Riverwood proposal hits snag
An effort to eliminate the last traces of the proposed Beverly Hillbillies Casino hit a snag on Tuesday when planning commissioners deadlocked on a master plan amendment.
A dozen years after the 732-room high-rise hotel, casino and 2,100-seat theater were approved on Dec. 4, 2007, there’s nothing on the property at the northern entrance to Douglas County but a big black pile of dirt.
On Tuesday, representatives of Manhard Consulting sought a change in the North Douglas County Specific Plan that included a change to the master plan, zoning map and tentative subdivision maps.
Planning commissioners voted 3-3 on the main part of the proposal after planning commissioner Mark Neddenriep recused himself. The alteration would have required a super majority of the board to be approved.
Planning commissioners Devere Henderson, David Akola and Maureen Casey voted against the plan, while Kirk Walder, Bryan Oland and Jo Etta Brown voted in favor.
The specific plan was approved in 2000 while much of the land north of Sunridge was still in the Bureau of Land Management’s hands.
At the time, the county was in competition with Carson City to attract retail development in order to generate sales tax. Douglas was also trying to raise money to purchase sensitive agricultural property.
The property was also eventually included in redevelopment area No. 1 in order to encourage commercial development.
The last modification to the specific plan occurred last year when county commissioners approve Valley Knolls on land purchased from the BLM. A housing site further north owned by Big George Ventures is part of the proposal rejected by planning commissioners on Tuesday.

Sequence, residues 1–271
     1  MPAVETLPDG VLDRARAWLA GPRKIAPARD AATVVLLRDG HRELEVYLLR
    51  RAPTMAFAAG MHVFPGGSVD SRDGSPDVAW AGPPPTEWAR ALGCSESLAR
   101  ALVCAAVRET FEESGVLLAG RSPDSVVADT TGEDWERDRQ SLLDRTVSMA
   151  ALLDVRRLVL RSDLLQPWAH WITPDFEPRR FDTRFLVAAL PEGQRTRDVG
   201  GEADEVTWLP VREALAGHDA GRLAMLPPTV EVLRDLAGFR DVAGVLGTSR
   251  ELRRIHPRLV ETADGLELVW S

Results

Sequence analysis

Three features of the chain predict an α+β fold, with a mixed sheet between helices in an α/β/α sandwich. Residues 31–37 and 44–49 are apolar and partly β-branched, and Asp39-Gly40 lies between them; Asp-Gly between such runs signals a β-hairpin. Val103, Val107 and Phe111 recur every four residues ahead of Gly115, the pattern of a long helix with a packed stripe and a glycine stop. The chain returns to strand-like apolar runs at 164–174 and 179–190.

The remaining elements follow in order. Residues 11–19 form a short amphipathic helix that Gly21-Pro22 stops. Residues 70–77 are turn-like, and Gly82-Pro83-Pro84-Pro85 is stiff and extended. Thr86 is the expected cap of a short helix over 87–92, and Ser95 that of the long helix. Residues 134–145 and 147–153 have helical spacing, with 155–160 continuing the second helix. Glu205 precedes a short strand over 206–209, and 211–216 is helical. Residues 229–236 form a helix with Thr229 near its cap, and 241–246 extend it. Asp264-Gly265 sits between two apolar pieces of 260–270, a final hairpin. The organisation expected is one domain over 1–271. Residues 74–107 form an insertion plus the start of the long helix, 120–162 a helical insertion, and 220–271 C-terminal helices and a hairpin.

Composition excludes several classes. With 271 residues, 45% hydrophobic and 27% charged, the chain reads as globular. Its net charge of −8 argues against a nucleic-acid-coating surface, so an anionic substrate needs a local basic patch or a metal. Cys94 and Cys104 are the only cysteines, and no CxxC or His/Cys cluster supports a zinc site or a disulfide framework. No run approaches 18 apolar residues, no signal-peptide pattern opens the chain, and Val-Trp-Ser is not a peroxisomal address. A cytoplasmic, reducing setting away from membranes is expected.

Manhard representative Chris Baker said that among the changes are elimination of the tourist-commercial zoning required for the casino, reduction of general commercial from 500,000 square feet to 100,000 square feet.
Baker described the current proposal as a larger scale version of the Valley Knolls project.
“We are shifting usage from big box retail and a casino to residential,” he said. “We’re up a little bit on the residential and we’ve swapped the hotel-casino for a school site.”
He said the plan leaves some of the commercial in place to make it more compatible to the neighborhood.
“We want to shrink these properties down to something more compatible to neighborhood commercial as opposed to the big box commercial we’re trying to get away from,” he said.
The planning commission is advisory to the Douglas County Board of Commissioners, which has the final say on the project.
The casino included in the current approval is one of two approved in Douglas County. The other site is located on the south side of Sunridge since the early 1990s.